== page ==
Crystal Nguyen and Angelina Swenor, students at Oak Grove High School in San Jose, were curled up on a bench in front of Valley Fair waiting for a ride home Friday morning. Nguyen pointed to bags stuffed with items from Forever 21, Hot Topic and the Disney Store and said, "We did an all-nighter."
And they had plenty of company. Some customers waited three hours Thursday evening to nab deals at Juicy Couture at Livermore Premium Outlets. By 3 a.m., in Pleasanton's Stoneridge Mall, some shoppers slept while they clutched shopping bags.
"People rushed over when they had their Thanksgiving dinner," packing the store until about 11 p.m., said Alexia Divittorio, sales manager at Best Buy in Santana Row.
Westfield Valley Fair had a rush at 8 p.m., when stores including Macy's opened. It saw its biggest crowds between midnight and 2 a.m., Ehrie said, including a line of more than 100 people who waited in front of Victoria's Secret and cheered when the doors opened at midnight. Things quieted down briefly, and parking lots emptied out by about 7 a.m. Friday, but the shoppers were back by late morning at Valley Fair and at shopping centers across the Bay Area.
The Microsoft store manager at Westfield San Francisco Center said the mall was dead for the store's 7 a.m. opening Friday but by lunchtime, there was barely standing room between customers waiting to play the new Xbox and test out a Surface tablet.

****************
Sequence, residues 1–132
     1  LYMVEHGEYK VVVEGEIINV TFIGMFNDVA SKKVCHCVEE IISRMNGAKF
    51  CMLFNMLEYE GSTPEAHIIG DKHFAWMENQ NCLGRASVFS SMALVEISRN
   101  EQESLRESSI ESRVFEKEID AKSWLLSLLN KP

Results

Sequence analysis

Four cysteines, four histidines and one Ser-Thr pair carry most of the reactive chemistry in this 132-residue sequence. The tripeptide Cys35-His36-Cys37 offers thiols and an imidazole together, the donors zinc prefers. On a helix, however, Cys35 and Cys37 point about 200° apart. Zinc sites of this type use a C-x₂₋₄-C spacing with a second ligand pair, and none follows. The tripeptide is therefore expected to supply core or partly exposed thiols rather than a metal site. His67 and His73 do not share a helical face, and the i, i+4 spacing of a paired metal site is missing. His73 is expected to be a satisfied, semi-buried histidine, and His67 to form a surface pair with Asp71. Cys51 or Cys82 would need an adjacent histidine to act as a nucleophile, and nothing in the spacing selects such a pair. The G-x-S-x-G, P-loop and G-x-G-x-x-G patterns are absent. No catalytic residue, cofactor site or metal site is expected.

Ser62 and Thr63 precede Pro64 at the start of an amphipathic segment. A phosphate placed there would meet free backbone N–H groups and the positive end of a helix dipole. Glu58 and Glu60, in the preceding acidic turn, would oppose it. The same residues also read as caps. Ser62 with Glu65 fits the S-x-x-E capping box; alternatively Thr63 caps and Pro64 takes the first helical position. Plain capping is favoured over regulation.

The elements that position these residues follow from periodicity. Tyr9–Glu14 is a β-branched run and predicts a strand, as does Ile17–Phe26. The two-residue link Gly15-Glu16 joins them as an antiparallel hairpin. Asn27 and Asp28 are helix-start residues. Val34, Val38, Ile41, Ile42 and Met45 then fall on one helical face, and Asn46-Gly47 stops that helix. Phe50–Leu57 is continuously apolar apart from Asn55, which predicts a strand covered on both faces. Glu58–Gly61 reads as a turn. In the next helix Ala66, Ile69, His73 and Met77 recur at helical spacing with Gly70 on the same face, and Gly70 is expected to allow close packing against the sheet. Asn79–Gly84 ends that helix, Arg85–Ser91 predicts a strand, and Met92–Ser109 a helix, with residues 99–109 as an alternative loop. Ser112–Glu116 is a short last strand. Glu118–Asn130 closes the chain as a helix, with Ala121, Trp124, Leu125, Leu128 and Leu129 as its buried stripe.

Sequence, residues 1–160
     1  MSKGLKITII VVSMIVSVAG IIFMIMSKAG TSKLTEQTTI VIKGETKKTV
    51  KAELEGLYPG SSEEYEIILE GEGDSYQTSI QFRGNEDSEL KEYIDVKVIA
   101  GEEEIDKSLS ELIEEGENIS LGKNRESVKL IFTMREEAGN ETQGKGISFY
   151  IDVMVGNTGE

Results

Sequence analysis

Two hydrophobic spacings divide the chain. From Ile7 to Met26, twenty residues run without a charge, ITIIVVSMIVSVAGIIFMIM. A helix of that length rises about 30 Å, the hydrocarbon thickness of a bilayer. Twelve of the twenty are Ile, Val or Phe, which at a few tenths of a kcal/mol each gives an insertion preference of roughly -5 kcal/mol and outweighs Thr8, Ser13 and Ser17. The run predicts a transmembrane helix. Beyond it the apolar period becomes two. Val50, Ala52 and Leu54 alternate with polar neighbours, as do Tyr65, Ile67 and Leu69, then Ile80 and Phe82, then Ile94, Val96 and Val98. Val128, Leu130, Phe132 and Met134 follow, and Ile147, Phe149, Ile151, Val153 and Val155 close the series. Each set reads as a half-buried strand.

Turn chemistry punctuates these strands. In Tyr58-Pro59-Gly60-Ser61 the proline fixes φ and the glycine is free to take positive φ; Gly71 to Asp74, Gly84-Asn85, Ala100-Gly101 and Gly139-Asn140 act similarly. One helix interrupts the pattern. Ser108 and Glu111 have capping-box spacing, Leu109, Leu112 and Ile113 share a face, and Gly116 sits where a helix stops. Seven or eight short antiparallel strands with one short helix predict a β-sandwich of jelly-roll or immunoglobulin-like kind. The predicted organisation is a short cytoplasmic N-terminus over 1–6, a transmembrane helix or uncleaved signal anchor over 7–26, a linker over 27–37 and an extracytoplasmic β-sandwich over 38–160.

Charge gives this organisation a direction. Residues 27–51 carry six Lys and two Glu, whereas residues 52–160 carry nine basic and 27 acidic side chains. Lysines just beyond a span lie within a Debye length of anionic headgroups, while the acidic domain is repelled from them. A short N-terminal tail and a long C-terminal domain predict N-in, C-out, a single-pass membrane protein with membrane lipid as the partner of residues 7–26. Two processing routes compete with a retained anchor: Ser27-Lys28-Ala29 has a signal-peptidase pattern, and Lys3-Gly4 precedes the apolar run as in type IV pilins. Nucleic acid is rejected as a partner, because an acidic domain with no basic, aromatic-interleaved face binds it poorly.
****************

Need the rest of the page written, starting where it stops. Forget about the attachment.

Cold temperatures didn't deter eager holiday shoppers in other parts of the country, with the National Retail Federation reporting strong turnouts Thanksgiving evening as many shoppers braved frigid temperatures to line up on retailer's sidewalks.
Retailers also saw huge sales online, with about 20 percent year-over-year growth in online shopping both Thursday and Friday, according to IBM forecasts. San Francisco and San Jose were among the top 20 cities in the country for online purchasing activity.
Adobe predicts online sales on Black Friday will reach $1.6 billion, a 17 percent increase over last year, and $1.1 billion on Thanksgiving, a 21 percent increase.
As in years past, violence marred the shopping in some spots around the country. Shoppers cutting in line at a Walmart sparked a fight in Southern California, where at least two people were arrested and a police officer's hand was injured trying to break up the fight. Another shopper was shot, but not seriously injured, in Las Vegas as he tried to carry a big-screen TV out of the store, and a police officer in Illinois shot an alleged shoplifter outside Kohl's on Thursday night.
In the Bay Area, things were a bit quieter, with fatigue the greatest trial that most shoppers faced.
Raymond Jaks of San Francisco waited in line outside Burberry at Livermore Premium Outlets while his girlfriend shopped at Kate Spade New York. Jaks was ready to go -- the couple was about eight hours into a shopping marathon that had started at midnight.
"I feel exhausted," Jaks said. "I'm not showing it, but I'm a little mad at my girlfriend."
Staff writers Jeremy Thomas, Bonnie Eslinger, Pete Carey, Elisabeth Nardi and George Avalos and The Associated Press contributed to this report. Contact Heather Somerville at 510-208-6413. Follow her at Twitter.com/heathersomervil.